Canada’s privacy czar seeks details on release of military class action claim information

Click to play video: 'Claims in Canadian military sexual misconduct lawsuit nearly double' Claims in Canadian military sexual misconduct lawsuit nearly double
With the deadline to join a class-action lawsuit against the Canadian Armed Forces over sexual misconduct fast approaching, the number of claimants is ballooning. As Abigail Bimman reports, people are still being urged to step forward. – Nov 8, 2021

The federal privacy commissioner is seeking answers following a report that highly personal information was released about claims submitted through the military sexual misconduct class action settlement.

In a statement to Global News, a spokesperson for Privacy Commissioner Daniel Therrien said the watchdog’s office had not been notified of any such breaches and is now contacting the company running the claims portal, as well as military officials, for more information.

“To date, we had not been notified of this matter. We have now reached out to the Department of National Defence and Epiq Class Action Services Canada in order to obtain more information and determine next steps,” said spokesperson Vito Pilieci in an email.

“I do not have further information to provide at this time.”

Read more: Military sexual misconduct class action members’ details accidentally released

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The Canadian Press reported on Wednesday evening that the company administering the federal government’s $900-million class action settlement for survivors and victims of military sexual misconduct inadvertently released private information about dozens of claimants.

That report stated that Epiq Class Action Services Canada confirmed the privacy breach to The Canadian Press, which came after a veteran said she had received letters intended for more than 40 other people in an email last week.

Retired master corporal Amy Green told The Canadian Press she was shocked when she discovered she had been sent names, email addresses and claim numbers, which she said is enough information to access certain parts of a claimant’s file.

“If I wanted to, I could just log in and upload anything to their file because I have their email address and their claimant ID,” said Green, who left the military in 2014 and now lives in London, Ont. “So I could tamper with anything.”

Epiq Class Action Services Canada said on Thursday that “human error” was behind the breach.

“We promptly implemented new procedures to ensure this does not happen again and have taken the appropriate disciplinary action,” said Angela Hoidas, vice-president of marking and communications.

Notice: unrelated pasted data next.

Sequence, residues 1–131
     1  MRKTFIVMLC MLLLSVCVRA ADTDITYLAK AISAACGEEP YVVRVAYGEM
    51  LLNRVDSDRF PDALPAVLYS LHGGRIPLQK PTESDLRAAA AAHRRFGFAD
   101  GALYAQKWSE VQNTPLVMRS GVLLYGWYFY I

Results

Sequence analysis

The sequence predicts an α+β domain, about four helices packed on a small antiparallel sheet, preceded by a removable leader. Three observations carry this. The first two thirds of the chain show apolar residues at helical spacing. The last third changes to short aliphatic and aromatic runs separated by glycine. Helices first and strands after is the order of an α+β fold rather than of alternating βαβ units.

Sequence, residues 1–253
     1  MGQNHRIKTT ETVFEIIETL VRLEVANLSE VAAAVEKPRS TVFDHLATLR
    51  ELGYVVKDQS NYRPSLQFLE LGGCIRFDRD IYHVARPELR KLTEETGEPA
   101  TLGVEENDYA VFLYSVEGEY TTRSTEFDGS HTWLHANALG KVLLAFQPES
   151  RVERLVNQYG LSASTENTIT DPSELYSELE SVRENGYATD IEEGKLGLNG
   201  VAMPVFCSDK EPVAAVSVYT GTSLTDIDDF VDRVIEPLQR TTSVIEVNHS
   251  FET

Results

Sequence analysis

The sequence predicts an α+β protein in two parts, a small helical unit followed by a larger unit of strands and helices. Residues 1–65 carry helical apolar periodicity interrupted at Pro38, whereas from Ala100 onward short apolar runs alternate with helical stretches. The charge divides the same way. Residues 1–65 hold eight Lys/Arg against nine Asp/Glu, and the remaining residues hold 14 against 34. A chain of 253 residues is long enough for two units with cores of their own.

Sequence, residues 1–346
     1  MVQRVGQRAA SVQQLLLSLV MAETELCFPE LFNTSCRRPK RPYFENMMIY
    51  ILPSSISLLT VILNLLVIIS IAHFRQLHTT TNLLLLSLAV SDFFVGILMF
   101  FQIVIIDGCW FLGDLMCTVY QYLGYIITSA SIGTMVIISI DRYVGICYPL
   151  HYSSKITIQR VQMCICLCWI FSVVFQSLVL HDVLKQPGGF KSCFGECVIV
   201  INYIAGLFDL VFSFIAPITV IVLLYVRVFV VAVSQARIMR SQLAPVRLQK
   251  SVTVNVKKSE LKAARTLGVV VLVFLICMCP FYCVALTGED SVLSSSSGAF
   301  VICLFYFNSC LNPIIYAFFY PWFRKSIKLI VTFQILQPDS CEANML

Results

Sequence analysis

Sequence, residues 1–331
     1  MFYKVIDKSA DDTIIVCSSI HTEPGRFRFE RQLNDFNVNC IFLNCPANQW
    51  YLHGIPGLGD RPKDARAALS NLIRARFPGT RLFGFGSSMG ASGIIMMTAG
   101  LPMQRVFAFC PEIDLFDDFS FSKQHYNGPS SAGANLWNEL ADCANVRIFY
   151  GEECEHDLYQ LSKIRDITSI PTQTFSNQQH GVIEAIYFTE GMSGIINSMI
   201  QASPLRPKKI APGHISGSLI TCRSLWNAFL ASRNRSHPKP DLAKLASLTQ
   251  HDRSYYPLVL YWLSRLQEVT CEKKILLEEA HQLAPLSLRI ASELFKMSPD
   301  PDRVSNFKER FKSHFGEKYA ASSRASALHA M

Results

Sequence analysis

“Epiq fully understands the importance of protecting personal information and sincerely regrets this error. We have notified counsel for parties in the case as well as those affected claimants, all of whom have received our deepest apologies.”

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Hoidas said that a “limited amount of data” about less than 100 claimants was inadvertently shared with another member of the class action settlement. This information included first names, last names, email addresses and claimant ID numbers, and those impacted have been notified, she said.

“There is no way for a claimant to log in and access their private file. If claimants want to submit a document by way of a secure upload, they use their name and claimant ID (which is a number randomly generated and assigned to the claimant by Epiq) via a secure link on the dedicated class action website,” Hoidas added.

“The uploaded document is then reviewed by authorized Epiq employees to assess and determine next steps. There is no ability to externally access any uploaded files or any claimant information whatsoever.”

Read more: A timeline of the Canadian Forces sexual misconduct crisis

Defence Minister Anita Anand said it is crucial for claimants to be able to have confidence in the system.

“I am deeply disturbed by the privacy breach of claimants’ personal information by Epiq Class Action Services Canada, the court-appointed administrator for the CAF-DND Sexual Misconduct Class Action Settlement,” Anand said in a statement to Global News.

“It is fundamentally important that the personal information of claimants in the CAF-DND Sexual Misconduct Class Action Settlement be treated with the utmost care. We understand that this matter is being investigated by the administrator. I expect the administrator to take urgent steps to ensure the security of information and to prevent this from happening again.”

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Global News first reported on allegations of inappropriate behaviour by senior military leaders beginning in February 2021, and by July 2021 the number of claims submitted to the class action had skyrocketed.

The $900-million class action lawsuit was settled in 2019 and opened to claims from survivors and victims of military sexual misconduct on May 25, 2020. It had received 2,729 claims by late December 2020, before jumping to 7,346 as of July 13, 2021 — an increase of roughly 170 per cent.

In the remaining four months before the claims process formally closed in November, the number of claims jumped to more than 13,500 in a near-doubling that came as the military was embroiled by what experts have repeatedly called a “crisis” over allegations of sexual misconduct against senior leaders.

In all, a total of 19,466 Canadians submitted claims through the class action process.

— with files from The Canadian Press.

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